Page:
Black Sabbath, Black Keys Light Up Day One of Lollapalooza 2012
Day One of Lollapalooza 2012 came to a close thanks to a double dose of Black. The reunited Black Sabbath (minus drummer Bill Ward) and The Black Keys made sure rock and roll was the last thing festival goers heard on Friday night (August 3).
Black Sabbath took over the Bud Light stage at Grant Park in Chicago for a blistering two-hour set. Despite being 63-years-old and not in the best of mental shape, frontman Ozzy Osbourne possessed an impressive display of intensity. Those who went to Osbourne’s solo show at Van Andel Arena in December of 2010 can attest to that fact. “F—in’ A, man! Let me hear you!” screamed the Prince of Darkness.
Black Sabbath’s only U.S. appearance this year was a memorable one. The metal icons kicked of their performance with “Black Sabbath,” “The Wizard,” “Behind the Wall of Sleep” and “N.I.B.” Despite Ward not participating in the reunion over a contract dispute, touring drummer Tommy Clufetos did an admirable job filling in behind the kit. Guitarist Tony Iommi, who is currently battling cancer and as Ozzy referred to him “the true Iron Man,” is still as sharp as ever. Bassist Geezer Butler maintained the backbone of the classic Sabbath tracks along with Clufetos, and oozed badass-ness as he was plucking away the intro of “War Pigs.”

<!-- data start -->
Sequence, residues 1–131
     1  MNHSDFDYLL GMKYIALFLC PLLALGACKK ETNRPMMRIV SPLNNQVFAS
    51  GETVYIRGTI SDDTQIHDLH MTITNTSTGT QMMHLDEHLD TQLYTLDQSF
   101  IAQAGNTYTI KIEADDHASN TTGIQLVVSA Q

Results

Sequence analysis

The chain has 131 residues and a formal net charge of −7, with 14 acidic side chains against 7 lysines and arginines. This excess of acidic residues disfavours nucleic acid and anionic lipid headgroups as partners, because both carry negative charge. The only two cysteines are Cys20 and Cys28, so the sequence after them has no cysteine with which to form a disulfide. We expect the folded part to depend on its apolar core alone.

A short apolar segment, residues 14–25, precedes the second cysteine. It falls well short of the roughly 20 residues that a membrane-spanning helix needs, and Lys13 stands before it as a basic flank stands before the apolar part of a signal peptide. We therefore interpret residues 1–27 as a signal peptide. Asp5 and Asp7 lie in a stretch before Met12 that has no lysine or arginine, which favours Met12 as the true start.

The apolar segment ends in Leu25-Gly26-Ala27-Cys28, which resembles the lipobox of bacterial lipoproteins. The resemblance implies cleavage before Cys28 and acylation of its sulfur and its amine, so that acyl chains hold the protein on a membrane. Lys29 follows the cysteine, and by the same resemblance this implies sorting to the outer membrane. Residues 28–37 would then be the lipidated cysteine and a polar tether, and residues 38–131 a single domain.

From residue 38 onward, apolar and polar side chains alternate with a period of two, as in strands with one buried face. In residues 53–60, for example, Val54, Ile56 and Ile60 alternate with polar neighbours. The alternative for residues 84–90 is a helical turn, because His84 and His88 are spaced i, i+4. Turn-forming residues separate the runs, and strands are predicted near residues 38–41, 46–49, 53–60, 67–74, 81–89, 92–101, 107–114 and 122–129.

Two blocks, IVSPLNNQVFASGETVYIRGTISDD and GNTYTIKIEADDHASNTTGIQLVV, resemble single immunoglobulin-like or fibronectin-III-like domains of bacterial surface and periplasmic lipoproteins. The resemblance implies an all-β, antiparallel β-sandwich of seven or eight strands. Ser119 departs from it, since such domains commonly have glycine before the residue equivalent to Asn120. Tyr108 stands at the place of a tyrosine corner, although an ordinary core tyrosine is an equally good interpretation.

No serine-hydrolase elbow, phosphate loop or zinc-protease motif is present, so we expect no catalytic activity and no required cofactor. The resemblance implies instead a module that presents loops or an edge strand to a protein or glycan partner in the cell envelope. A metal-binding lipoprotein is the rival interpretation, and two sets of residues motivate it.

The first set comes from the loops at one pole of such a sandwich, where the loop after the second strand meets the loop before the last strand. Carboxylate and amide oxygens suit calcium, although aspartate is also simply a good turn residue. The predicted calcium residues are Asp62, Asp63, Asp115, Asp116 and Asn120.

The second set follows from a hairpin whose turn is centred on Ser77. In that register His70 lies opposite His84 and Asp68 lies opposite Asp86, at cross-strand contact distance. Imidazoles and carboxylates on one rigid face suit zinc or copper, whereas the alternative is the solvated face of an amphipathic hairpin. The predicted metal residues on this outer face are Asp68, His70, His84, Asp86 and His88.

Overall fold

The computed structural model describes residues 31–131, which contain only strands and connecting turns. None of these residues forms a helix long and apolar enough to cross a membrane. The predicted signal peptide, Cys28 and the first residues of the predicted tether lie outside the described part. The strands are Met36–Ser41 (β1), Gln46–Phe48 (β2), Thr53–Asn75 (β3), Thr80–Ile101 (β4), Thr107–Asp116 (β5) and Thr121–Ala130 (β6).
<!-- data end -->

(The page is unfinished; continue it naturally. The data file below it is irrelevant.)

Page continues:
On the other end of Grant Park were The Black Keys, delivering their raw blues rock to an estimated 60,000 people. As with the Grand Rapids Ozzy show, those who went to see The Black Keys at Van Andel Arena this past March would know what to expect here. 2012 marks the fifth time frontman Dan Auerbach and drummer Patrick Carney have appeared at Lollapalooza. Now big enough to headline their own night, The Black Keys were even introduced by Chicago mayor Rahm Emanuel. The duo mixed up their set with old and new favorites quite nicely. Classics like “Same Old Thing” and “Strange Times” shared the stage with cuts from the Black Keys’ most recent album, El Camino.
The Akron, OH natives went back to the past when they were just a guitar and drums act. “We’re going to play just the two of us now,” Auerbach informed the crowd before transitioning into tracks like “Thickfreakness” and “Your Touch.”
Sadly, nothing has been confirmed about Black Sabbath and The Black Keys forming a supergroup. We can only hope.